We would like to clarify some misconceptions on prefabrication shared in an earlier letter ("Prefab construction not so productive; 12 November 2014").
Firstly, prefabrication involves manufacturing building components such as walls, columns, beams, and even entire bathrooms and room-sized apartments in factories before they are installed on site. It enables faster construction as various trades can be done concurrently in the factory and on site, thus making site progress less affected by the weather. With a better quality control regime in the factory, prefabricated components have better quality and therefore less rework is expected.
To achieve a quantum leap in productivity, the Building and Construction Authority (BCA) is working with the industry to adopt the Design for Manufacturing and Assembly (DfMA) approach, by moving as much construction work as possible off site to a controlled and automated manufacturing environment. Many advanced countries such as those in Europe as well as Japan and Australia are using more prefabrication and DfMA to reduce manpower requirements and improve construction productivity.
Secondly, we should compare the productivity of different construction methods in terms of physical output such as area constructed per manday. BCA has been tracking and monitoring the productivity of various construction trades for many years.
An example is the use of dry wall, a prefabricated product, which can be installed much faster on site and requires 65% less manpower compared to traditional plastered brick wall. Besides time and manpower savings, dry wall construction generates less construction waste, debris and dust.
Thirdly, we wish to clarify that all construction workers in Singapore, including those for prefab construction, are not unskilled. All new construction workers are required to pass a skill certification test conducted by BCA before entering Singapore as basic skilled workers. Precast and dry wall installation are trades that are recognised through these skills certification tests. BCA will continue to work with the industry to build up the expertise of these skilled workers through continuing education and training to support the industry's drive towards a higher level of productivity.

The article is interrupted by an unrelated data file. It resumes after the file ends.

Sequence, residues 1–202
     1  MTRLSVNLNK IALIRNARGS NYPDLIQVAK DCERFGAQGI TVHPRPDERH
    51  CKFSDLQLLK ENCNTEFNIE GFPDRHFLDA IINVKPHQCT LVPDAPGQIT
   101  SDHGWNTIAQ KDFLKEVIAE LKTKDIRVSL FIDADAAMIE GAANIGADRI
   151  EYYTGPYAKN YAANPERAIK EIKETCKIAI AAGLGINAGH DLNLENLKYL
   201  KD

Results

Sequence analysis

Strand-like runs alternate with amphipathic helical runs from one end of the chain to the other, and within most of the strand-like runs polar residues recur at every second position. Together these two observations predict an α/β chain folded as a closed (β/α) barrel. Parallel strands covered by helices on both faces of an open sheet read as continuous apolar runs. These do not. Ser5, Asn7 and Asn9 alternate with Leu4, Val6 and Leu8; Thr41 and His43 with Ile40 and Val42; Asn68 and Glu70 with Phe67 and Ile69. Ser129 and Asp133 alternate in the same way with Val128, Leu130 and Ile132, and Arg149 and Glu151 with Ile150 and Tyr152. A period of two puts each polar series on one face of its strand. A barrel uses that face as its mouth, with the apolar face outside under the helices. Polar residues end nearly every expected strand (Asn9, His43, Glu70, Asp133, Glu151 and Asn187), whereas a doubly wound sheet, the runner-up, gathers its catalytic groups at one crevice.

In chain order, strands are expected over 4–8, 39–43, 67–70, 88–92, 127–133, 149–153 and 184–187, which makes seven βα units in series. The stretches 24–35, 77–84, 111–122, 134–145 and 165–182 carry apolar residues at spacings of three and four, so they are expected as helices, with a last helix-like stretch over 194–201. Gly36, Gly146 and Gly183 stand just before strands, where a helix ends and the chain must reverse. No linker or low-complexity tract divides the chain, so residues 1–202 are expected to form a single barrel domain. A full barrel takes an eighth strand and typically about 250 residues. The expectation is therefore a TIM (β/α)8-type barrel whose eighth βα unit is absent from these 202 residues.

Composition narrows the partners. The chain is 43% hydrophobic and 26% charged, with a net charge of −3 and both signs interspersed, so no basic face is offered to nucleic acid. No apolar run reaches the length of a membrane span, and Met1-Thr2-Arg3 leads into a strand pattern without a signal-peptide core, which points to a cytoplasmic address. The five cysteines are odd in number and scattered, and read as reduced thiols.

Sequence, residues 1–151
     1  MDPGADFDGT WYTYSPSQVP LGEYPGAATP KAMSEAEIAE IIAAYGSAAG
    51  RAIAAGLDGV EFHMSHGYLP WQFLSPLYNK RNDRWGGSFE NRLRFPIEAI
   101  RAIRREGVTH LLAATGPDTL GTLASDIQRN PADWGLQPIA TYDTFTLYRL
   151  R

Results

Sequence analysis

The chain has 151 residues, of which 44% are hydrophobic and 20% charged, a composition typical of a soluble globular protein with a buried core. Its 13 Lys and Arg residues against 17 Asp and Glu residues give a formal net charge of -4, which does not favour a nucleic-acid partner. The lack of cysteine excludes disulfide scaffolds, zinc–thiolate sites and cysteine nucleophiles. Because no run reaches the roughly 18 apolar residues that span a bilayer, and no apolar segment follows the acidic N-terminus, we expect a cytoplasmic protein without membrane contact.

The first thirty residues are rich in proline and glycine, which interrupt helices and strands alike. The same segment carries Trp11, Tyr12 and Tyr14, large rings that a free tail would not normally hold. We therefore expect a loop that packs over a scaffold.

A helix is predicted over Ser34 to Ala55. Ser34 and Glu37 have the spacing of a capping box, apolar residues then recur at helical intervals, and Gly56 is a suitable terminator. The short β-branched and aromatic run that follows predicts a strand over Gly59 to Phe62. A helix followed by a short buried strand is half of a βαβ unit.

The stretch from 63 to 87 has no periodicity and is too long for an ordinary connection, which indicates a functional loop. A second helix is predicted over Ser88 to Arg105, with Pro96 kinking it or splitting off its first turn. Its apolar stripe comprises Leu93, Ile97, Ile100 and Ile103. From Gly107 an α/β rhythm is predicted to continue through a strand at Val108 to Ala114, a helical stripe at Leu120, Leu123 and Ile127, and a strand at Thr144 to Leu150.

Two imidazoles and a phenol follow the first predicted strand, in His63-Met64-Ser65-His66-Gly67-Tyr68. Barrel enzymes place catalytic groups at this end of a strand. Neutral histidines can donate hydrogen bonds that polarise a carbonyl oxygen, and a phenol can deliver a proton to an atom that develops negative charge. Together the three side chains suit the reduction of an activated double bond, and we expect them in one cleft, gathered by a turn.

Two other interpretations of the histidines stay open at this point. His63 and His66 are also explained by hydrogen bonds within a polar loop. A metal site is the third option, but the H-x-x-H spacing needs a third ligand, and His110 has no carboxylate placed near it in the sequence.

BCA acknowledges that prefabrication requires land. Hence, we have been working with various agencies and the industry to develop higher density, multi-storey Integrated Construction and Precast Hubs (ICPHs) that will optimise land usage for prefabrication. ICPHs are highly automated, have at least twice the production capacity compared to open precast yards with the same land sizes, and can be energy efficient. To date, one such factory is operational and two others are currently under construction.
It is also important that builders and manufacturers plan, co-ordinate and manage the just-in-time delivery and installation of prefabricated components to reduce storage space required for prefabricated components. To enable designers, contractors and precasters to improve their capability in planning and managing projects, the BCA Academy has been conducting training courses on precast design and management. Other courses on Building Information Modelling (BIM), productive technologies and construction management also help the industry push for higher construction productivity.
Ang Lian Aik
Group Director, Construction Productivity Centre
Building and Construction Authority